ACTIVISTS JOINING POLITICS: A WELCOME SIGN FOR INDIAN DEMOCRACY

“I have been fasting for the last 16 years. I haven’t got anything from it yet. I am ending my fast today. I want to try a different agitation now. I will contest against the Chief Minister of Manipur in the upcoming state elections.”

Another activist joining politics – that is always a welcome step for Indian democracy. On July 31, Yogendra Yadav and Prashant Bhushan, two pivots of the 2011 anti-corruption movement led by Anna Hazare, announced that they would launch their political party formally on October 2, on the Gandhi Jayanti Day.

Yogendra and Prashant are from the latest crop of the experimental activists who are joining politics after trying their hands in activism for a long period and we can hope that their experience would push them to cleanse the system as they claim and would deliver a politics that would truly be common man centric.

We can say it all began with the Anna’s movement in 2011. It was a massively successful civil society movement in India after decades that forced the government to take notice.

First it was Arvind Kejriwal and his group of supporters from ‘India Against Corruption’ who took the political plunge after they saw that their movement was losing direction and the government was getting an upper hand. Initially, Yogendra and Prashant were with Kejriwal. But later difference cropped up resulting in Kejriwal expelling Yogendra Yadav, Shanti Bhushan and Prashant Bhushan from the party. In the wave that began with Anna’s movement, many other activists from across the country soon joined the new political party that emerged from the movement – the Aam Aadmi Party.

That is a spontaneous reaction from the people who have been fighting honestly for the last many years – that is spontaneous with Irom Sharmila who has become a global icon of peace and the struggle for it. It is heartening for Indian democracy that the trend has continued and Irom Sharmila is the most notable addition to it after Arvind Kejriwal.

The world has seen the resolve Irom Sharmila has and so we can say she will follow her course even in the future with same zeal. She is yet another in the growing list of activists who are taking a plunge in the mainstream politics and that is a welcome sign for Indian democracy.

Democracy is a participatory process. Every citizen of the country needs to participate in the process to nurture it, to make it strong. Likewise, they need to participate in the acts to keep a check on the factors that weaken it.

A democracy is run by its political institutions.

To continue..

©SantoshChaubey

GUY FAWKES MASK: GUY FAWKES – FROM A TERRORIST TO AN ANTI-HERO

From a declared terrorist to a spontaneous anti-hero!

From a declared religious militant to a symbol of anti-establishment protests!

The imagery that lasted for centuries, some 370 years –long enough for system and people to go routine and indifferent to the reason with which it had started – after all, time wears off reasons, interpretations and relevance of any incident to customize it in the context of ‘now’ – has been made irrelevant in three decades.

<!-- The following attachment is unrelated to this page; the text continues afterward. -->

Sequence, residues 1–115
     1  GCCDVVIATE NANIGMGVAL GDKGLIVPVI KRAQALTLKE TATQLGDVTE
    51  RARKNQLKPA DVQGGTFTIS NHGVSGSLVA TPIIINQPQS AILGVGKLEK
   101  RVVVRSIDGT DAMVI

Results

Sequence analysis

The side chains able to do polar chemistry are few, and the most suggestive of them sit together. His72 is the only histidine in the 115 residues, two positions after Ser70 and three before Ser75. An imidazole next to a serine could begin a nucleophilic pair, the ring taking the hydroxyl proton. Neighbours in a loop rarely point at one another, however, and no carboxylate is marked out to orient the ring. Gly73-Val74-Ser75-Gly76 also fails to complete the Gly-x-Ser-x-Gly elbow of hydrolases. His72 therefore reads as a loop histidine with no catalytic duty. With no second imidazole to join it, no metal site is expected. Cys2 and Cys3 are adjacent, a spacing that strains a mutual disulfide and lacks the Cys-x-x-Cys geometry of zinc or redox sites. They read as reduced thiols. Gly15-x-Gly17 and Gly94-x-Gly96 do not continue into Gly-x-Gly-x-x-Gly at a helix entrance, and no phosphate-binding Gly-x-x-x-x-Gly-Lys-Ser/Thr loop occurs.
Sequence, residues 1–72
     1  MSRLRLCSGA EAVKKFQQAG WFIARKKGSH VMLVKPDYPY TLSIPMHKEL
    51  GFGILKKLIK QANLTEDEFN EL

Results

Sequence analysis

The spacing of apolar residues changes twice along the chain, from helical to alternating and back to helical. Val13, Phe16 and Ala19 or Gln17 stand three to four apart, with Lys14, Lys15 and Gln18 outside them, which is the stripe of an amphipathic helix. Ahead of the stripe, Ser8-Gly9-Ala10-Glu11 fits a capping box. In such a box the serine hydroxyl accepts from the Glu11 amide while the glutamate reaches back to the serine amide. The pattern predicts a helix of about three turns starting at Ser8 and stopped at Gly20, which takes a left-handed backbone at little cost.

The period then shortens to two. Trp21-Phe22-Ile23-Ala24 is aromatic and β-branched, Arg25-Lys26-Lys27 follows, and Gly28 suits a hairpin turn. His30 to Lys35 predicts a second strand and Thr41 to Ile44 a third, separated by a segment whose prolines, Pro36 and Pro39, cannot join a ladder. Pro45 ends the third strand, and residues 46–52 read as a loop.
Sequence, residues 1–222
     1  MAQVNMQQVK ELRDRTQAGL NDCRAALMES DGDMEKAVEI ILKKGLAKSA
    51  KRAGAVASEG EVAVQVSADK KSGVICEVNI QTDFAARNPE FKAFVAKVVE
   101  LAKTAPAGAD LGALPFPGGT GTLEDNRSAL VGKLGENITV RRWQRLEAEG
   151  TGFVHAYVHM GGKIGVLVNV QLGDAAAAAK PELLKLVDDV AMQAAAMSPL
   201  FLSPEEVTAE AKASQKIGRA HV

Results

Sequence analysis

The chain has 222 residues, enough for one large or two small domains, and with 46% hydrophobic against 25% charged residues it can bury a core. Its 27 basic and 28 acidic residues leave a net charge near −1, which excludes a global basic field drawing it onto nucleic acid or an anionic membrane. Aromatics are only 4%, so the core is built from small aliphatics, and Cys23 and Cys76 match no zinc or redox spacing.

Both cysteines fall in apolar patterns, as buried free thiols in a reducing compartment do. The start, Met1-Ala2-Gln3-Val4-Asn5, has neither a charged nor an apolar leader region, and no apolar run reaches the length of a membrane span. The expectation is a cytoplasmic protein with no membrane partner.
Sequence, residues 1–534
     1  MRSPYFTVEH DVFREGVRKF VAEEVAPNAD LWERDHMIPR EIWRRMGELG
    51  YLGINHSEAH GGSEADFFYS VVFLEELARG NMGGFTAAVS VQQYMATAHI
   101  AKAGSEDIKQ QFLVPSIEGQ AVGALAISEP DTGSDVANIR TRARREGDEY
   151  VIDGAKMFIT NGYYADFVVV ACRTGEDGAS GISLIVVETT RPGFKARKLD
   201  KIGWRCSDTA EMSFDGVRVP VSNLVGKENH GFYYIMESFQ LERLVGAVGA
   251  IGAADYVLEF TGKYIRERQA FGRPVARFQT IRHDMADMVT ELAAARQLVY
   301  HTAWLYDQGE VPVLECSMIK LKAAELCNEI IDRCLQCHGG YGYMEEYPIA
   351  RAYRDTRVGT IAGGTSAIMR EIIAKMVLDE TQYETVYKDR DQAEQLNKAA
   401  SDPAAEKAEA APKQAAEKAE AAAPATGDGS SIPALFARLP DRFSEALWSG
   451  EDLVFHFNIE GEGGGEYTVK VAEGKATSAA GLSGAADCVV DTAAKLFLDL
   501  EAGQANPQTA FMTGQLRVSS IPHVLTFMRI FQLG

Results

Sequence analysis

The imagery that started taking birth in early 1980s with a character of a fictional world, has become the most adopted placard of anti-government and anti-system protests the world over in just three decades.

That tells us the power of communication and the media it rides.

Before the movie ‘V for Vendetta’ which had a wide release in 2006, Guy Fawkes was not known worldwide. Same thing can be said about his mask, or the mask designed in his name.

Even in Britain, the country of the Gunpowder Plot of 1605 and the country of Guy Fawkes, he was being forgotten, even if the plot had become synonymous with his name. People preferred Halloween over it and people preferred calling November 5 as Bonfire Night and not ‘Guy Fawkes Night’.

He was resurrected as an anarchist and an anti-hero in a comic book series, ‘V for Vendetta’ on a fictional dystopian Britain. The main protagonist of the fictional world, ‘V’, was dressed like Guy Fawkes wearing a Guy Fawkes mask. The series continued for several years. ‘V for Vendetta’ was also released as a graphical novel.

The 2006 movie epitomized the written work behind it. Though it had many changes from the source material, it can be said it took out Guy Fawkes and his mask out of Britain.

With the launch of the movie, the Guy Fawkes’ journey, from a terrorist to an anti-hero, was prepared for a global outreach. And it came in 2008 when the ‘hacktivist collective Anonymous’ adopted Guy Fawkes mask in its protests against the Church of Scientology. Since then, it is all over. Since then, the mask has been adopted as the protest symbol the world over. Its outreach is clear from the fact that it is banned in Middle East countries like Bahrain, UAE and Saudi Arabia. And it is also banned in Canada in ‘extreme circumstances’.

Films are a powerful medium to take an image to the global audience to change and build perceptions. The US has been doing it for years. And Guy Fawkes’ metamorphosis though the Guy Fawkes Mask once again reiterates it.

©/IPR: Santosh Chaubey – https://santoshchaubey.wordpress.com/

Guy_Fawkes_Mask-Wikimedia CommonsImage courtesy: Guy Fawkes Mask – Wikimedia Commons

THE GUY FAWKES NIGHT: FOR THE WORLD, IT’S BASICALLY ABOUT THE MASK

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**Collage prepared from the photographs sourced from the Internet


It’s the Guy Fawkes Night today (it’s the Guy Fawkes Day as well/also the Bonfire Night – the India time – by the British time, it is few hours away while writing this). Names apart, it is basically in the message. And the name Guy Fawkes in the contemporary times reiterates it.